While it is widely accepted that plastic bags contribute significantly to environmental damage – clogging rainwater drains, causing flooding, killing marine life – and are a general eyesore on the urban landscape, the government’s proposed alternatives, especially cotton carrier bags, arguably have a higher net environmental impact than plastic bags. The key is to consider the entire life-cycle of a product not just the disposal and degradation phase.
A life-cycle analysis of plastic carrier bags by the Danish Ministry of Environment and Food confirms research that shows cotton bags have a greater impact on the environment than single use plastic bags – a common cotton bag must be used up to 7100 times for its adverse impact on the environment to be comparable to that of a similarly sized plastic bag.[vi] This and other international studies suggest that while the government’s promotion of cotton bags as a responsible alternative to plastic bags might arguably relieve the impact on the city’s sewerage system and comparatively lower air pollution caused by incineration, its larger impact on the environment will be net negative.
Too early for a verdict
Plastic bag bans, like any policy initiative, cannot succeed in a vacuum. Their effectiveness, as demonstrated by various experiences from around the world, depends on a holistic approach that takes both the demand and supply side constraints into account. It is built on three key considerations: an environmentally responsible set of alternative solutions developed specifically for the requirements and constraints of the community; a robust solid waste management regime that effectively collects, sorts, and disposes solid waste, including plastics; support for suppliers based on an assessment of the impact of the ban on the supply chain including capital and labour.
A narrow strategy focused on changing consumer behavior without reinforcements based on investments in municipal waste management systems; supporting and educating suppliers (producers and retailers alike); developing alternative solutions for both intermediary and primary consumers will accomplish little beyond disrupting existing patterns of consumer behavior.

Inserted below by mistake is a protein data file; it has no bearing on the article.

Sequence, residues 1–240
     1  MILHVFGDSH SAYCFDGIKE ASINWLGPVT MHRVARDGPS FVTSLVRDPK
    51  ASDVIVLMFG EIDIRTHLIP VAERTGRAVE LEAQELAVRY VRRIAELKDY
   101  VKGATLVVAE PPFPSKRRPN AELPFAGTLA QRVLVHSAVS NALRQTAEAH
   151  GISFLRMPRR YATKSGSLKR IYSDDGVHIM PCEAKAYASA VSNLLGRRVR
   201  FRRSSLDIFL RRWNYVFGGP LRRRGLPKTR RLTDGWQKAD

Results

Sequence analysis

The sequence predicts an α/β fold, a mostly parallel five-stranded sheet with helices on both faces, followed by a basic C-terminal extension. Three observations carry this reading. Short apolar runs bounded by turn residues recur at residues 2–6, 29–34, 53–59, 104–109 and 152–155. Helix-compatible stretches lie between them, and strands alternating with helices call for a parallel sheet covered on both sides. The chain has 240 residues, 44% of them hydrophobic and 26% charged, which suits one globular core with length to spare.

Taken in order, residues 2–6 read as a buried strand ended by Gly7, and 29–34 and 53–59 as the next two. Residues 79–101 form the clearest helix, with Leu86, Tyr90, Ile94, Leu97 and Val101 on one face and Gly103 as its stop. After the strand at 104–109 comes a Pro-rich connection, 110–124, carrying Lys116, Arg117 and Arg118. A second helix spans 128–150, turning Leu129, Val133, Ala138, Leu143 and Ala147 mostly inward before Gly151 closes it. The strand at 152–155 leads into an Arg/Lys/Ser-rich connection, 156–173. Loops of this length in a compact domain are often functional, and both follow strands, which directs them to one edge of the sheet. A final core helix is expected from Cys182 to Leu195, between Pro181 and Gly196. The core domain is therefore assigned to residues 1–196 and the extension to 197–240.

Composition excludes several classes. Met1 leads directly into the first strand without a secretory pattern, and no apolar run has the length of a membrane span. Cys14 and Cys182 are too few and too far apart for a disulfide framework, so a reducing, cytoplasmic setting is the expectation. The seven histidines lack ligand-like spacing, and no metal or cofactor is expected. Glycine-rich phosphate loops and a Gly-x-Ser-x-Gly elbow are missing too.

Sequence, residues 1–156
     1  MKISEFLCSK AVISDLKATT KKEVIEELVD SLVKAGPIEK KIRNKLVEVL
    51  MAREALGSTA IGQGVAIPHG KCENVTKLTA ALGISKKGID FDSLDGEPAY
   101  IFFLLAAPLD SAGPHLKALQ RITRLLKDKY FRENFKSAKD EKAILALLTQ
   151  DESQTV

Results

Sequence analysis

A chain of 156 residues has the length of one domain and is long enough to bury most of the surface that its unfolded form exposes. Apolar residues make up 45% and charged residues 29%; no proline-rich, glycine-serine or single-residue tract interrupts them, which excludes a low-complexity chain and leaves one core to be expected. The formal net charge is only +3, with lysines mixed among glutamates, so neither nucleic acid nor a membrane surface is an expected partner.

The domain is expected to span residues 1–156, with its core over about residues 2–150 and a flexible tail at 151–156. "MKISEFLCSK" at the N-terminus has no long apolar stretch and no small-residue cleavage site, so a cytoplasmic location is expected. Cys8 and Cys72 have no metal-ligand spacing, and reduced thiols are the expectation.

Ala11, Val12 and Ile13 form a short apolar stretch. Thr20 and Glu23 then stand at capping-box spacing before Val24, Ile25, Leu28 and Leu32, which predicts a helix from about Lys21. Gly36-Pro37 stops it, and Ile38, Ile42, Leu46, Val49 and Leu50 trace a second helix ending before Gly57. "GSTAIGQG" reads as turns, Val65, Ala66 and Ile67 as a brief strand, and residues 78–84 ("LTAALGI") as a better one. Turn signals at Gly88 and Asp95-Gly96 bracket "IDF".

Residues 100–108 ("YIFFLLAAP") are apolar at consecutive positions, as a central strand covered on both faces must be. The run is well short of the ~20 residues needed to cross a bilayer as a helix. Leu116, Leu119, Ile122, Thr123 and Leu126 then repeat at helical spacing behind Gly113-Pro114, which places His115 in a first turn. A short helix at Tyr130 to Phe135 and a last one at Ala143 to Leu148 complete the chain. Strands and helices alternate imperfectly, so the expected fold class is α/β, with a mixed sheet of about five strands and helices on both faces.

It will certainly not address the end goal of reducing overall plastic consumption or realizing net positive environmental impact.
The continuing focus on the impact of Climate Change on Pakistan, rising pressure on urban centres to manage the exponential growth in waste generation, and the current government’s commitment to taking on the environmental challenge head-on – most notably demonstrated by the Prime Minister’s Clean and Green Pakistan campaign – suggests the plastic bag ban pilot in Islamabad will likely be extended nationally.
To enable the effective adoption and implementation of the plastic bag ban in the provinces, the Federal government should consider the following key recommendations for net positive environmental results:
- Grading System: The introduction of a nationally recognized material grading system to index the environmental impact of packaging and carrier product materials. An indexing system will help with the development of alternative solutions to plastic- products being banned. It will also allow consumers to distinguish between good, biodegradable and degradation-resistant plastic bags. Similar branding symbols have been introduced nationally in the past to distinguish between consumer salt products with and without iodine. In the absence of such distinctions, consumer patterns have been seen to shift towards other plastic-based carrier solutions, including synthetic fibre bags.
- Supply Chain Management: Support plastic bag producers and suppliers with the transition towards production of biodegradable plastic bags. This could include tax breaks on the import of relevant machinery and equipment as a short-term stimulus. The mass adoption of biodegradable plastic bags will have a much greater positive impact on the environment compared to cotton-based alternatives.
- Re-use, Recycle: Develop a holistic plastic recycling/upcycling value chain to tap into existing informal recycling industry that already exists for paper, metal, and glass products. This will help relieve the pressure on the solid waste management facilities and turn waste into an economic input.
- Communicate, Educate: A nationwide communication campaign to capture consumer support for the proposed ban on degradation-resistant plastic bags and transition towards environmentally responsible alternatives. This campaign can be further extended into communities with the assistance of local civil society organisations and corporate producers of consumer products.
- Learn and Imitate: Study the planning and implementation of successful solid waste management systems in other cities and capacity development of municipal entities in dealing with plastic waste. Responsible collection, sorting and disposal of plastic waste will go a long way in maximising the impact of the plastic bag ban and delivering .
Shahab Siddiqi is a Resident Fellow and Head of Strategic Communications at Tabadlab.
[iv] Kaza, Silpa, Lisa Yao, Perinaz Bhada-Tata, and Frank Van Woerden. 2018. What a Waste 2.0: A Global Snapshot of Solid Waste Management to 2050. Urban Development Series. Washington, DC: World Bank. doi:10.1596/978-1-4648 -1329-0.
[v] Christian Schmidt, Tobias Krauth, and Stephan Wagner, Export of Plastic Debris by Rivers into the Sea Environmental Science & Technology 2017 51 (21), 12246-12253